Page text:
Saturday, March 9, 2013

Vanished Rochester: Barkham Mill

Barkham Mill (Courtesy Rochester Hills Public Library)
If you could travel back in time to the Rochester of 1900, you would find two grist mills in the downtown area, one standing at each end of Main Street, like bookends. Rochester had been established because of abundant water power along Paint Creek, Stoney Creek and the Clinton River, and the mills that stood along these waterways were the first economic engines of the area. At the north end of the village was the Neely Mill on Paint Creek, and at the south end, near the foot of today's South Hill bridge, was the Barkham Mill.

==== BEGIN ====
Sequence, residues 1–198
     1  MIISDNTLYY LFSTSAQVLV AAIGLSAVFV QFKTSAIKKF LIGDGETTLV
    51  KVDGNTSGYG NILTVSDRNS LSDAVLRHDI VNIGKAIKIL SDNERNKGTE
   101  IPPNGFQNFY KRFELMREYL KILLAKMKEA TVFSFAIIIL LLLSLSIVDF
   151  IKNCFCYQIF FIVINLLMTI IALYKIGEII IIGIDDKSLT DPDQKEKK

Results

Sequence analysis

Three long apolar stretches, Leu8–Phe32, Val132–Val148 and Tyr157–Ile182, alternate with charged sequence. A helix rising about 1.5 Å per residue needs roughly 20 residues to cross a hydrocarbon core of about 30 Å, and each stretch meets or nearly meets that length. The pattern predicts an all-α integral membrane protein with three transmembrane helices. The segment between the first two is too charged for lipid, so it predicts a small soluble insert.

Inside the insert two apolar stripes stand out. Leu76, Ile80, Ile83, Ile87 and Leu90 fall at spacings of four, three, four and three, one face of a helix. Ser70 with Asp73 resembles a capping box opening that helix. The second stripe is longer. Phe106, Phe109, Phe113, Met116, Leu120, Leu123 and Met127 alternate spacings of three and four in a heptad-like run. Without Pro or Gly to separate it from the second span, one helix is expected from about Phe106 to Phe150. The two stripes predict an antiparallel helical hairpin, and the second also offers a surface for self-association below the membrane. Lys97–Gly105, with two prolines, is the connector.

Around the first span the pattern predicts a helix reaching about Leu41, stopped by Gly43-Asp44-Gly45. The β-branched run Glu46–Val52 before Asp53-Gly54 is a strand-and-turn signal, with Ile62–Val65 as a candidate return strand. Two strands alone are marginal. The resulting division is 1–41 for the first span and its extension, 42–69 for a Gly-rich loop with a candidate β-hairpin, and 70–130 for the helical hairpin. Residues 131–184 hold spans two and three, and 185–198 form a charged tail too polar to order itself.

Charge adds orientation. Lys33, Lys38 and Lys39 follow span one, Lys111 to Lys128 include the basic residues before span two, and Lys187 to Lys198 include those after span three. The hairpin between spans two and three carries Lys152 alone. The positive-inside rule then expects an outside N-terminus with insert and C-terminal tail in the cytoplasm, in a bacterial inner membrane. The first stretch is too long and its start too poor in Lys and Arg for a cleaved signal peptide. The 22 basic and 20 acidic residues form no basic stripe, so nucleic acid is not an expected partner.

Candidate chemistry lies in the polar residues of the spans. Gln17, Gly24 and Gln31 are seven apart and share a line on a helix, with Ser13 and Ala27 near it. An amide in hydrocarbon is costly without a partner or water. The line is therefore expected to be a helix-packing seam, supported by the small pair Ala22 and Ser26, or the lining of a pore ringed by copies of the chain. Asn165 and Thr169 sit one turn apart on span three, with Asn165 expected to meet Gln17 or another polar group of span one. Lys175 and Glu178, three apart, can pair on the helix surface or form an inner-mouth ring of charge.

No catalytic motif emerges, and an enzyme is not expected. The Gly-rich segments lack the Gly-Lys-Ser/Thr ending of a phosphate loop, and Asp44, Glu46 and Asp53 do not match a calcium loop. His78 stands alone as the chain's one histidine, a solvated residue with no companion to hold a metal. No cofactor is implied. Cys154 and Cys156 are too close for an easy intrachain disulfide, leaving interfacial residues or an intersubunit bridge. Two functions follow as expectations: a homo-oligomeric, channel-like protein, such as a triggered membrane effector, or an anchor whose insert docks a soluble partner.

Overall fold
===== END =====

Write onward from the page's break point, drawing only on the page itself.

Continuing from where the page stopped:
Steven W. Barkham was the name of the final owner of this mill, which stood on the west side of Main, north of the Clinton River, for ninety years.  It was built in 1837 by Johnson Niles, a founding pioneer of the settlement of Troy Corners, and had many owners and operators in its nine decades of operation.  According to a memoir of Theodor Dahlmann that was published in the Rochester Clarion in 1927, Niles and his business partners sold the mill in 1850 to Charles Nathaniel Griffin, a native of New York, who operated it for nearly ten years before selling out and moving to Detroit.  During the Civil War years, the mill was owned by Baxter Gillett and operated by his brother, Hartson Gillett. Several other owners and partners followed until 1885, when James Ewell Curtis became owner of the business. Curtis, a son of area pioneers, was also the father of Dr. Lewis Ward Curtis, a Rochester dentist who later built business blocks at 307 and 315-317 S. Main Street.  The Curtis heirs sold the grist mill to Steven W. and Beal Barkham in 1903, and so the old wooden structure was known as the Barkham Mill when it was completely destroyed by fire on December 2, 1927, consigning it to the pages of Vanished Rochester.

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